Scratch 2.0 Programming for Teens, 2nd Edition

  • Jerry Lee Ford Jr.
  • Published By:
  • ISBN-10: 130549069X
  • ISBN-13: 9781305490697
  • DDC: 005.13
  • Grade Level Range: 9th Grade - 12th Grade +
  • 384 Pages | eBook
  • Original Copyright 2014 | Published/Released October 2014
  • This publication's content originally published in print form: 2014

  • Price:  Sign in for price



With Scratch 2.0, getting started in computer programming is easier and more fun than ever. And with this completely updated edition of the popular Scratch Programming for Teens, you'll learn the basics in a fast, friendly way and be sharing your creations online before you know it. Focused on the fundamentals and using the free Scratch programming language, Scratch 2.0 Programming for Teens will teach you to develop interactive stories, games, animations, and other programs on the web, in your computer's browser, using graphic, customizable code blocks. Written especially for first-time programmers, this book's hands-on approach emphasizes the design and development of programming logic. You'll learn important programming concepts without getting bogged down in complicated details. And the basic principles you learn here will build a foundation from which you can move on to other, more complex, programming languages (like Microsoft Visual Basic, Java, and C++), if you decide to go deeper into software development. Additional material, including helpful appendixes and a complete glossary, is available on this book's companion website. Start programming today with Scratch 2.0 Programming for Teens. Scratch is a project of the Lifelong Kindergarten group at the MIT Media Lab. Scratch, the Scratch logo, and the Scratch Cat are trademarks of the Massachusetts Institute of Technology.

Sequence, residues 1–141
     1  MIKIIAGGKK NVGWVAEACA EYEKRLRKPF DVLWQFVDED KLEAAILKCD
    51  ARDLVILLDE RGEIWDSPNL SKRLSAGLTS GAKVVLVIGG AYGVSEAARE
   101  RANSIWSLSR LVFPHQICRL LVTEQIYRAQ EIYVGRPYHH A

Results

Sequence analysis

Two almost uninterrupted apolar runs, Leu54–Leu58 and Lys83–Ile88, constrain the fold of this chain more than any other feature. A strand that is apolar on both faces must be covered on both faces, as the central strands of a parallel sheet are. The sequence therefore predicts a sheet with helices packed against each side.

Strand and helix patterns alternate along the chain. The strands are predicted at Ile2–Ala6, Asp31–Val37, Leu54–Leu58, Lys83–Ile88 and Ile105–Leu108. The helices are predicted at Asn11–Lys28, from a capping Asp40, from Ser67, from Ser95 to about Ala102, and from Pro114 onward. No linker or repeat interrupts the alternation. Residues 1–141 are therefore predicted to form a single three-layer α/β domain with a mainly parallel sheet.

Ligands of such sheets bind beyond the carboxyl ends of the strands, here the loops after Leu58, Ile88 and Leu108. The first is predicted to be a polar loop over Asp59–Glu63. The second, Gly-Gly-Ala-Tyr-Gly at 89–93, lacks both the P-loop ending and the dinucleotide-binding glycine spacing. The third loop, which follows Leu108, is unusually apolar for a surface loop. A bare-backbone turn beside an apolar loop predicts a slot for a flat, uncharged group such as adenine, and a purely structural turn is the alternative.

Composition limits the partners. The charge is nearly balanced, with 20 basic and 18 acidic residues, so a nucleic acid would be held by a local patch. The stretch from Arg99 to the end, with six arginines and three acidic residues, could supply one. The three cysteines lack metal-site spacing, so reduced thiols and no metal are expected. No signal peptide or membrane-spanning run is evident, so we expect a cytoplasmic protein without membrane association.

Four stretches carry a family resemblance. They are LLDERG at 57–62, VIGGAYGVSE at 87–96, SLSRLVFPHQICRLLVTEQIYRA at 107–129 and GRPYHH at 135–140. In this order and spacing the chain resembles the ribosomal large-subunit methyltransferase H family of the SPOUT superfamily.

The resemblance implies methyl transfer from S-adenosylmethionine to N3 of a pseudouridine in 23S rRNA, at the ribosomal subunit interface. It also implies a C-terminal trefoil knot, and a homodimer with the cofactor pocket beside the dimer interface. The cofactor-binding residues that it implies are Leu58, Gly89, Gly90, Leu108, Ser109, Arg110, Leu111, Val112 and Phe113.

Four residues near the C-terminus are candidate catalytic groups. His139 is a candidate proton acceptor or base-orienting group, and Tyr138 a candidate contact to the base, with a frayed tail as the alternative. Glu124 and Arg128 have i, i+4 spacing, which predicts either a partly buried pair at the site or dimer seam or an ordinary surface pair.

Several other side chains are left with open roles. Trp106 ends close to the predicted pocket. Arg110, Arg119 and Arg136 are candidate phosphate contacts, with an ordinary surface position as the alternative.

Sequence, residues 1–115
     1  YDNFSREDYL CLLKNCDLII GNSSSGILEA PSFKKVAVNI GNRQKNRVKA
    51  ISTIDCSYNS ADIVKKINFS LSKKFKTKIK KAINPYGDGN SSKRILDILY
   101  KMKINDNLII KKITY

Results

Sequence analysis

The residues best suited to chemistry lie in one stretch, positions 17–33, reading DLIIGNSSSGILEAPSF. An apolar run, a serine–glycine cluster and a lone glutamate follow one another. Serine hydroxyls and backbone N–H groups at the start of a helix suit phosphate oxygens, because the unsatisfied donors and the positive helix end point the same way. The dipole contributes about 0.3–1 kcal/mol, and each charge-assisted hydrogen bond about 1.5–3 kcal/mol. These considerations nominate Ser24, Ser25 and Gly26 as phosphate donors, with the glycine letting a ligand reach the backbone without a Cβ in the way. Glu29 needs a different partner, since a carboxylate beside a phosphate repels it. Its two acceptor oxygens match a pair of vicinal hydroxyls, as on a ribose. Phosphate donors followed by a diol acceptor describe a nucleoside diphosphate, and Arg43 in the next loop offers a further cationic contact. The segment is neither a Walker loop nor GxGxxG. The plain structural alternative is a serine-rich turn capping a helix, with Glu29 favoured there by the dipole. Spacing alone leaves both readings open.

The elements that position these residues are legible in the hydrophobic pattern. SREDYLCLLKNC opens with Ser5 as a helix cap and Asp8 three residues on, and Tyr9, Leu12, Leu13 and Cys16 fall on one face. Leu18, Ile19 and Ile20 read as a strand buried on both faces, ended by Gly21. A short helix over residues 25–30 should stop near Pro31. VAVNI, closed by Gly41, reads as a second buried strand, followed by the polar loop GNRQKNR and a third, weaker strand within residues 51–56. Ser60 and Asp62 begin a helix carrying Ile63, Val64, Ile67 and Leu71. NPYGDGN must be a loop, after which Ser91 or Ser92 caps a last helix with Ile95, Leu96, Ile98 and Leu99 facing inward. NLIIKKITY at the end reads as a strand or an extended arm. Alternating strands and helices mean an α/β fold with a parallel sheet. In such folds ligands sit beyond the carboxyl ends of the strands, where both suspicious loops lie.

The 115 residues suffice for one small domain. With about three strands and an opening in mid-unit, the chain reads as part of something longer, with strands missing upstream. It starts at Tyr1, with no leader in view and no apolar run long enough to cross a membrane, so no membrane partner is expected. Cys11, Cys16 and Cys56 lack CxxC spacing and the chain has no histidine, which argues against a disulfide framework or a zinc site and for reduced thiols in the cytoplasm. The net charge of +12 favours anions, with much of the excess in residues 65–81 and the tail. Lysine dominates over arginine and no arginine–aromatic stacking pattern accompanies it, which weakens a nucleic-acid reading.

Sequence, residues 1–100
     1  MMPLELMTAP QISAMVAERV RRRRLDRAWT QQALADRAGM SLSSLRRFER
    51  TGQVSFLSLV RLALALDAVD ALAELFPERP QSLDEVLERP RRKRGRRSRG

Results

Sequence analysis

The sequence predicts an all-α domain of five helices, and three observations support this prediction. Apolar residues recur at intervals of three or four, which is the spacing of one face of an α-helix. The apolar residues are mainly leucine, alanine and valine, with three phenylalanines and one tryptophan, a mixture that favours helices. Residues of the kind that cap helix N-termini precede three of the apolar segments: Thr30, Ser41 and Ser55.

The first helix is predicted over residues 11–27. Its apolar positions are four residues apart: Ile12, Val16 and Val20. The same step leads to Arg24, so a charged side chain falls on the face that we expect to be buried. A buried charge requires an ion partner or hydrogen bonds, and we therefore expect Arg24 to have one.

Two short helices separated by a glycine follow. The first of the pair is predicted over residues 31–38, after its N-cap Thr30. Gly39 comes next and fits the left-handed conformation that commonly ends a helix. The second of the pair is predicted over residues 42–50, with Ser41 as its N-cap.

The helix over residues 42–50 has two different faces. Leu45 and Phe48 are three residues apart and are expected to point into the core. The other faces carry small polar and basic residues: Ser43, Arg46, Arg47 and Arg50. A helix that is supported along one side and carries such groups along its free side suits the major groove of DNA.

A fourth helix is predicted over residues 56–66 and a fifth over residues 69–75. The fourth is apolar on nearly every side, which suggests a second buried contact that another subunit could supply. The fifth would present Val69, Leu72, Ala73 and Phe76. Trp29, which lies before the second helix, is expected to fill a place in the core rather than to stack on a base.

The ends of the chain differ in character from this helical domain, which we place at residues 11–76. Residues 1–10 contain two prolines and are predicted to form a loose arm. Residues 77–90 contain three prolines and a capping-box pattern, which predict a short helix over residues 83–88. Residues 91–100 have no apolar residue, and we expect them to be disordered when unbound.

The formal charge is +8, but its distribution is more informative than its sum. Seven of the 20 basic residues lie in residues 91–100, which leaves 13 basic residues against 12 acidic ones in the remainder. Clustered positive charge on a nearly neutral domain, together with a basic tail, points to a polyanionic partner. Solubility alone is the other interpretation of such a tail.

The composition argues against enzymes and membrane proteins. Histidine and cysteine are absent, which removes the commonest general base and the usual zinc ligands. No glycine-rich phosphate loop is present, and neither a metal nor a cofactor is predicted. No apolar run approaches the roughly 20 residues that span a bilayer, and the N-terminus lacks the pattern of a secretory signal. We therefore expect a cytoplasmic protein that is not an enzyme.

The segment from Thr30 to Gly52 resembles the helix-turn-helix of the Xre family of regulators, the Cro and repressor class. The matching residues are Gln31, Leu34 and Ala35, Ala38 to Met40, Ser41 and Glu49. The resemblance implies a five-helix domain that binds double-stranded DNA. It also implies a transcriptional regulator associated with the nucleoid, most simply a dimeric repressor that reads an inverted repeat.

Table of Contents

Front Cover.
Title Page.
Copyright Page.
About the Author.
1: Introducing Scratch 2.0.
2: Getting Comfortable with the Scratch 2.0 Development Environment.
3: A Review of the Basic Components of Scratch Projects.
4: Mr. Wiggly's Dance—a Quick Scratch Project.
5: Moving Things Around.
6: Sensing Sprite Position and Controlling Environmental Settings.
7: Storing and Retrieving Data.
8: Doing a Little Math.
9: Controlling Script Execution.
10: Changing the Way Sprites Look and Behave.
11: Spicing Things Up with Sounds.
12: Drawing Lines and Shapes.
13: Improving Code Organization.
14: Game Development Using Collision Detection.
Finding and Fixing Program Errors.
Offline Scratch Development.
Interacting with the Real World.
What Next?.

Meet the Author

Author Bio

Jerry Lee Ford Jr.

Jerry Lee Ford, Jr. is an author, educator, and an IT professional with over 24 years' of experience in information technology, including roles as an automation analyst, technical manager, technical support analyst, automation engineer, and security analyst. He is the author of 40 books and co-author of two additional books. His published works include Getting Started with Game Maker, HTML, XHTML, and CSS for the Absolute Beginner; XNA 3.1 Game Development for Teens; Lego Mindstorms NXT 2.0 for Teens, and Microsoft Visual Basic 2008 Express Programming for the Absolute Beginner. Ford has a master's degree in business administration from Virginia Commonwealth University in Richmond, Virginia and has over five years' experience as an adjunct instructor teaching networking courses in information technology.